But Twitter could use some help with its troll and bot problem, too. The company, along with Facebook, was home to Russian propaganda during the 2016 U.S presidential election. In January, Twitter notified at least 1.4 million users they saw content created by Russian trolls; it also was found to have hosted roughly 50,000 Russian bots tweeting election-related content in November 2016.
Presumably, Smyte’s technology could help weed out some of these bad actors, if it works as well as described.
Twitter didn’t provide much detail as to how, specifically, it plans to put Smyte’s technology to use.
Instead, the company largely touted the team’s expertise and the “proactive” nature of Smyte’s anti-abuse systems, in today’s announcement:
From ensuring safety and security at some of the world’s largest companies to specialized domain expertise, Smyte’s years of experience with these issues brings valuable insight to our team. The Smyte team has dealt with many unique issues facing online safety and believes in the same proactive approach that we’re taking for Twitter: stopping abusive behavior before it impacts anyone’s experience. We can’t wait until they join our team to help us make changes that will further improve the health of the public conversation.
According to Smyte’s website, the company has a number of high-profile clients, including Indiegogo, GoFundMe, npm, Musical.ly, TaskRabbit, Meetup, OLX, ThredUp, YouNow, 99 Designs, Carousell, and Zendesk.
Twitter tells us that Smyte will wind down its operations with those customers – it didn’t acquire Smyte for its revenue-generation potential, but rather for its talent and IP. [See update on that transition, detailed below post.]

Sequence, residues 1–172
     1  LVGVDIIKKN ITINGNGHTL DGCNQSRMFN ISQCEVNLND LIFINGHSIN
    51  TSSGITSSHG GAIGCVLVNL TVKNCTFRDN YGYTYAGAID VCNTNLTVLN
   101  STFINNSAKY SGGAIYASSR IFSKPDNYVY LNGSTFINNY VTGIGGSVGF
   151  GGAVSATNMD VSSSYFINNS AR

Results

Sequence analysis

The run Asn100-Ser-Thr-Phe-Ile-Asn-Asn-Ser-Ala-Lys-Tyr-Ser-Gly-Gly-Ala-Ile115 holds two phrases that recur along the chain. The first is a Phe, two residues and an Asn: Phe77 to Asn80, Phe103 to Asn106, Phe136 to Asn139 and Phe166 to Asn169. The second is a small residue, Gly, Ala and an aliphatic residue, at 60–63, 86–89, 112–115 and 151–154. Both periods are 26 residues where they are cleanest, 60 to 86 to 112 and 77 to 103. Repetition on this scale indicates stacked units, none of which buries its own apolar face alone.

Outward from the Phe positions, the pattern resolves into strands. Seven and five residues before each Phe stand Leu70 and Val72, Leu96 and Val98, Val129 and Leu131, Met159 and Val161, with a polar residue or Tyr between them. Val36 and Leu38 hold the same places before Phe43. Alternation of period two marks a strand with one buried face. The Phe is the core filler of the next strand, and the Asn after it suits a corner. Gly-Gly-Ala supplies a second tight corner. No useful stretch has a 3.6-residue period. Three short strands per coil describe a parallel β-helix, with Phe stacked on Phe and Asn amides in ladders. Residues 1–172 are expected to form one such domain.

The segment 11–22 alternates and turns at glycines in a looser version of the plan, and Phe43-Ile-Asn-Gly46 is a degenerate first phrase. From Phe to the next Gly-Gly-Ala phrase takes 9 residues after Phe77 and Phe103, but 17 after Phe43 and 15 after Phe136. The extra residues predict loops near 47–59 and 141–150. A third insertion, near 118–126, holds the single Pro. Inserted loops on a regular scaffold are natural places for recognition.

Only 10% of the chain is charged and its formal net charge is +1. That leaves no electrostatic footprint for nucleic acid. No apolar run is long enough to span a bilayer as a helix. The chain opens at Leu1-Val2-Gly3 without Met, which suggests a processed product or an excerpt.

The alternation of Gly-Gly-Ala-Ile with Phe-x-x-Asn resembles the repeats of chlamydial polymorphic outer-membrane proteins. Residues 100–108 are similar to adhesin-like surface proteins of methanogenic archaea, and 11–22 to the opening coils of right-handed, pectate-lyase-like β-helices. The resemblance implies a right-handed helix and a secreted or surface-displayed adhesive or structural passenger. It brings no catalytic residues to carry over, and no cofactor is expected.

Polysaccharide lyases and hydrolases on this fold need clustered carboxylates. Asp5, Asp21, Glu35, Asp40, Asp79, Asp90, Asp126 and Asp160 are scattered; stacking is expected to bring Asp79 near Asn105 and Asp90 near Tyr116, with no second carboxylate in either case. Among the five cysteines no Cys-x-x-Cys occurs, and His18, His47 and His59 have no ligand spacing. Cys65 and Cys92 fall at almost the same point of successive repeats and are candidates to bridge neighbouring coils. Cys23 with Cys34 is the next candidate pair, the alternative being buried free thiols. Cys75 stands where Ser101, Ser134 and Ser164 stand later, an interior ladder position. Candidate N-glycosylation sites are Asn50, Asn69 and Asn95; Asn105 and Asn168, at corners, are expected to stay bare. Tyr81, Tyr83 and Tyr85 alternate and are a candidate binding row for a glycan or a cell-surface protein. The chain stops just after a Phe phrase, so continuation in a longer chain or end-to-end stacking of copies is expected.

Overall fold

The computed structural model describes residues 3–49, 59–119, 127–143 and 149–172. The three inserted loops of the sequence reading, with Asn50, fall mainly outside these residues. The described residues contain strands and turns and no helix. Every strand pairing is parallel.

LinkedIn reports there are only a couple dozen employees at Smyte today, including the founders. But Smtye’s own website lists just nineteen. Twitter wouldn’t confirm Smtye’s current headcount but says it’s working to find positions for all.
Terms of the deal were not disclosed, but Smyte had raised $6.3 million in funding from Y Combinator, Baseline Ventures, Founder Collective, Upside Partnership, Avalon Ventures, and Harrison Metal, according to Crunchbase.
- Update, 6/21/18, 4:30 PM ET:
Twitter had told us Smyte had a transition plan for existing customers. However, it did not – or Twitter believes that “transition plan” means phoning customers to explain why the API is now shut off. We understand that those affected, some of whom are being matched with new providers today, were given no warning about Smyte’s closure. Instead, they found their access was just gone.
Twitter is handling these customers on a case-by-case basis, we understand.
But it’s an odd decision to simply stop business on the day of the announcement instead of allowing for those customer relationships to wind down. Some people are understandably angry as to how they’ve been treated, and are sharing those sentiments – where else? – on Twitter.